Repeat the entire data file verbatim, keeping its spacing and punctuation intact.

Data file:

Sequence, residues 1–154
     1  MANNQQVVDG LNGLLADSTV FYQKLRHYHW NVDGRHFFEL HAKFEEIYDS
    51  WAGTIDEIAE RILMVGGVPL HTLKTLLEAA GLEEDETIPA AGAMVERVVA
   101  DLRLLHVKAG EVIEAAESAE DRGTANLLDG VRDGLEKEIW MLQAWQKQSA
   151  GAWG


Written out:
Sequence, residues 1–154
     1  MANNQQVVDG LNGLLADSTV FYQKLRHYHW NVDGRHFFEL HAKFEEIYDS
    51  WAGTIDEIAE RILMVGGVPL HTLKTLLEAA GLEEDETIPA AGAMVERVVA
   101  DLRLLHVKAG EVIEAAESAE DRGTANLLDG VRDGLEKEIW MLQAWQKQSA
   151  GAWG